>> Monday, July 2, 2012
Published June 19, 2012
Trade paperback, 336 pages
I have mixed feelings about this book. I liked reading about the dilemma that two young Indian-Americans, Rasika and Abhay, faced when dealing with their culture's traditions and pressures, but I disliked Rasika's character and was frustrated throughout my reading of this novel. Rasika is a twenty-five year-old beautiful woman, living at home in a wealthy family. She comes across as vain, spoiled and aloof. Abhay is a smart young man who doesn't know what he wants to do with his life, much to the disappointment of his father. Although he has nothing in common with Rasika, who thinks he is not good enough for her, he falls in love with her and pursues her even as she agrees to an arranged marriage with a suitor chosen by her parents.
It quickly becomes clear that Rasika doesn't know how to deal with the pressure of an arranged marriage. The only reason she agrees to it is because she will have the ideal husband—handsome, well-educated, and doting. She thinks she has good values because she has grace, dresses well and is beautiful. However, she is promiscuous and has short-lived relationships with men to get away from the pressures of her parents. This is what she does with Abhay too. She sleeps with him and then wants nothing to do with him because she doesn't want her parents to find out about her double life, and besides, he is from a different caste and therefore would never be accepted by her parents as an acceptable husband.
Abhay, on the other hand, understands why Rasika acts the way she does, why she is so messed up, and even though he knows she only used him for sex, he still wants her. I kept wondering what would make these two get together in the end, if at all, since they were so different and it would take a big change in Rasika's way of thinking to even accept Abhay as an acceptable mate by her standards. The ending, although a happy one, was disappointing to me as a reader because the author took the easy way out where Rasika did not have to deal with her problem. Instead, a situation took care of that and the ending was too neatly tied up with a big red bow.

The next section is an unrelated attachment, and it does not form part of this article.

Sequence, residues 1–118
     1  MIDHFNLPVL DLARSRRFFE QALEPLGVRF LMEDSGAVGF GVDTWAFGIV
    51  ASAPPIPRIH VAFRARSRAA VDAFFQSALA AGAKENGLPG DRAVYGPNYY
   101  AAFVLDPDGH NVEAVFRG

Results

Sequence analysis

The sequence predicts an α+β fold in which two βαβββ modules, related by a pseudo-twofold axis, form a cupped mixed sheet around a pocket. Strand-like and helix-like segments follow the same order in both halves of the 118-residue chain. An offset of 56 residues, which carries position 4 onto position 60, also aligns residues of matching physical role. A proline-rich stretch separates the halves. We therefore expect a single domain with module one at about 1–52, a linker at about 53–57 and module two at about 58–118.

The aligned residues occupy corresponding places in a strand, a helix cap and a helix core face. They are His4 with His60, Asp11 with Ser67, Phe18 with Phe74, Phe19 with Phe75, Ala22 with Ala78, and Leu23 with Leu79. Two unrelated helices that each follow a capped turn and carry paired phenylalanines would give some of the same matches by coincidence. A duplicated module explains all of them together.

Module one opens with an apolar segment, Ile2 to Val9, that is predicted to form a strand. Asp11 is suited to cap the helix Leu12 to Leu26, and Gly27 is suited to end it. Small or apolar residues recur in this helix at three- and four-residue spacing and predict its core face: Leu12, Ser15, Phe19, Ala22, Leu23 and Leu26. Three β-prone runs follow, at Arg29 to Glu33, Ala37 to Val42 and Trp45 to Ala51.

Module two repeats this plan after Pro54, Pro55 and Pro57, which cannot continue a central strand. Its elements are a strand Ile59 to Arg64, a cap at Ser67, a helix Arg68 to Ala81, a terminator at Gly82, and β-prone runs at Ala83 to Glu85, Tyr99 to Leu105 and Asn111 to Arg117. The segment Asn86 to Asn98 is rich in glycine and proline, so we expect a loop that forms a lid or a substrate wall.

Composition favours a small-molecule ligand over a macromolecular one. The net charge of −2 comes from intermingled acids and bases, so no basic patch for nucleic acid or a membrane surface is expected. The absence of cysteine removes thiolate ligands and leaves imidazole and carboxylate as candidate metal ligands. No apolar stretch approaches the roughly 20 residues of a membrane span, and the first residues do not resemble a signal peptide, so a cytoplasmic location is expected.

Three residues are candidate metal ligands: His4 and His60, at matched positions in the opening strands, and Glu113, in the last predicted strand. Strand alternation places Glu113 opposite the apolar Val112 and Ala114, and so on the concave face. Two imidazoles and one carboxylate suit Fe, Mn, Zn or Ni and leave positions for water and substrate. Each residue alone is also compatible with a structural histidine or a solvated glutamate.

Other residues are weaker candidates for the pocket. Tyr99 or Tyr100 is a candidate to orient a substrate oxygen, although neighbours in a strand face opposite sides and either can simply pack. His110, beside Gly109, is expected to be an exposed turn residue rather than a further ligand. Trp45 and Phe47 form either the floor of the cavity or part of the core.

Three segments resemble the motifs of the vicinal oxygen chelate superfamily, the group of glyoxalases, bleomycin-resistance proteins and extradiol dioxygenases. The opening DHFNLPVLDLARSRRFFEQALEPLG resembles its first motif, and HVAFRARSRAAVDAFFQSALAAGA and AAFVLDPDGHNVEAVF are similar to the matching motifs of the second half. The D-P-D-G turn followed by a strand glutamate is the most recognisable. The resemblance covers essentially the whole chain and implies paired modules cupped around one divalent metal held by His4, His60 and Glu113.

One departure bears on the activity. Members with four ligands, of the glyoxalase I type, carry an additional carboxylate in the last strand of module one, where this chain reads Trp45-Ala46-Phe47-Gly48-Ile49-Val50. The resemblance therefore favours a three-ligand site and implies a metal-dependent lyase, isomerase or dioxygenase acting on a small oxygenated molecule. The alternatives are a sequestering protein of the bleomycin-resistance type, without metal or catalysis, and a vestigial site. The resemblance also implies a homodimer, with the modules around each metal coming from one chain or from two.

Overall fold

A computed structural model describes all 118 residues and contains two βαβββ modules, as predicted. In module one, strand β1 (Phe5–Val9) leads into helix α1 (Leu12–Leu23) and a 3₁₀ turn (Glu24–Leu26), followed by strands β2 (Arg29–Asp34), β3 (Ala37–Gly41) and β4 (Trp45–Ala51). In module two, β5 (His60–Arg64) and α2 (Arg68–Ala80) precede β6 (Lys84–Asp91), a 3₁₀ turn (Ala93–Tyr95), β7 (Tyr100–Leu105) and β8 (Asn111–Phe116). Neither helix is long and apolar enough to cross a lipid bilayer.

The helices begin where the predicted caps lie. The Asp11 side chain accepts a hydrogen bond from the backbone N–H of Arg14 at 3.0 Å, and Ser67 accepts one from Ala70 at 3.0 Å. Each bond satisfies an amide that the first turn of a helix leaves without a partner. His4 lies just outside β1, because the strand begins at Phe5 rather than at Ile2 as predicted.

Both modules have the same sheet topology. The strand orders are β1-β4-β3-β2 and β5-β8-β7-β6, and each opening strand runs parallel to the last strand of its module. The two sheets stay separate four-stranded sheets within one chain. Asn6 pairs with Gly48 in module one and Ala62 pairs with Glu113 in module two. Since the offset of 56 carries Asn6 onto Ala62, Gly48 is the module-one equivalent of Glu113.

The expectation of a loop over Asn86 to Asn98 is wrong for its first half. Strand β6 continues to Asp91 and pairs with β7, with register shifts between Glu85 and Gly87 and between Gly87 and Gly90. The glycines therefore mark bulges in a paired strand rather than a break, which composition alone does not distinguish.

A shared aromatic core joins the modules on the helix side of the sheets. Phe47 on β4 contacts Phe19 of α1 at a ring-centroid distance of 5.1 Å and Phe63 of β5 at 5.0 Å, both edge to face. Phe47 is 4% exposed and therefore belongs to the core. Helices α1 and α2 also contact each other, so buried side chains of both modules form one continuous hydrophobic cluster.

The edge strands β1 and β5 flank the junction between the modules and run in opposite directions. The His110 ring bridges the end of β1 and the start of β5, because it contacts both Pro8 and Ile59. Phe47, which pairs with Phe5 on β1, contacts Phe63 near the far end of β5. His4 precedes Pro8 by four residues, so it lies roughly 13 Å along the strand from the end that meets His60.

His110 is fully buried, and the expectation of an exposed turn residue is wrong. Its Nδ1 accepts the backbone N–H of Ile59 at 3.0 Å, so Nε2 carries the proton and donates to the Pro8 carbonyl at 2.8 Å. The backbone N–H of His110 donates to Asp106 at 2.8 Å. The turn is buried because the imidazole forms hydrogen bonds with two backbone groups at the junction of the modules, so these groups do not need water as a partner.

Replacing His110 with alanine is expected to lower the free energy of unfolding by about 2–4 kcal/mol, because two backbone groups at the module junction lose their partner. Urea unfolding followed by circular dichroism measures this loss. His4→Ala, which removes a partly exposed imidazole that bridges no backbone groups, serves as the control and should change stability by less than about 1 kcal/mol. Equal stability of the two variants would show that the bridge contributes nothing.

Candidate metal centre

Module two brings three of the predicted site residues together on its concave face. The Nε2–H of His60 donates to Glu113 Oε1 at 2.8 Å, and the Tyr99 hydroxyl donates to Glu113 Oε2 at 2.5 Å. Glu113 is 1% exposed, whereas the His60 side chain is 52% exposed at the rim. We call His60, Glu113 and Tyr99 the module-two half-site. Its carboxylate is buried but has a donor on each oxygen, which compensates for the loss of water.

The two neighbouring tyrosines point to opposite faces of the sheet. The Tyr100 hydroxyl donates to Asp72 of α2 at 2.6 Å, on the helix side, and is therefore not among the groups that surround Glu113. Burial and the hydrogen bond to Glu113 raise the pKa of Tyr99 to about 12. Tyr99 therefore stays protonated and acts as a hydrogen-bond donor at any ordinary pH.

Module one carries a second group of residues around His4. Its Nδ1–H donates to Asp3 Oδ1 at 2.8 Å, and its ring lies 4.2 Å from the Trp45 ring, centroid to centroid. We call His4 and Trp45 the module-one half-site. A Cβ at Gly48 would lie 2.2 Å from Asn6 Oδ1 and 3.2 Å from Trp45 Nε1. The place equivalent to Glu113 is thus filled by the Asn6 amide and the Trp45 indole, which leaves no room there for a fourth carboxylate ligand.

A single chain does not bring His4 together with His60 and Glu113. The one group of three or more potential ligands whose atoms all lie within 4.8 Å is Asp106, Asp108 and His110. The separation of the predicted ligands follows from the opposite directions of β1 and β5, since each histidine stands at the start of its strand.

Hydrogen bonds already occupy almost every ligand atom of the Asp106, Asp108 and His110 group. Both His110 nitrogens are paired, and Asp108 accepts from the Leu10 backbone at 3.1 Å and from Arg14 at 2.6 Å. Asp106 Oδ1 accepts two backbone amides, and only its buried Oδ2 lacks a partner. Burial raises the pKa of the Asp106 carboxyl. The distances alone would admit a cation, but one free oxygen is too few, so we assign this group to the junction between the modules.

There was no resolution for me, just a quick-fix ending. The only reason that kept me reading this book was the psychological aspect of how children from two cultures deal with being from two different worlds. Okay, Rasika's coping mechanism is destroying her, so how does she finally confront the cause of her dilemma? How does she change? How does she grow as a person? Would she resort to the same tactics when things would get difficult in the future? None of this is clear by the end of the book.
So although I enjoyed the setting and the Indian culture, I had mixed feelings when reading this book, especially at the end when things became convenient for everyone. And I'm still trying to figure out the book's title, if that expression is significant in the Indian culture.
Note: This book is rated S = sex scenes. There are sex scenes in this novel, however, not at all explicit.
You can read more reviews on the TLC Book Tour page.I will count this book toward the following challenges: Reading the World Challenge
About the author:
The daughter of Indian immigrants, Jyotsna Sreenivasan was born and raised in Ohio. Her short fiction has appeared in numerous literary magazines and she has received literature grants from the Washington, D.C., Commission on the Arts and Humanities. The author of several nonfiction books published by academic presses and the creator of the online Gender Equality Bookstore, she lives in Moscow, Idaho, with her family. This is her first novel.
Connect with the author here: Website | Facebook | Twitter
Jyotsna will discuss And Laughter Fell From the Sky on Book Club Girl on Air on Wednesday, July 18th at 7 pm ET.
Reviewed by Laura
Disclosure: Thanks to the publisher and TLC Book Tours for sending me this book for review. I was not compensated in any other way, nor told how to rate or review this product.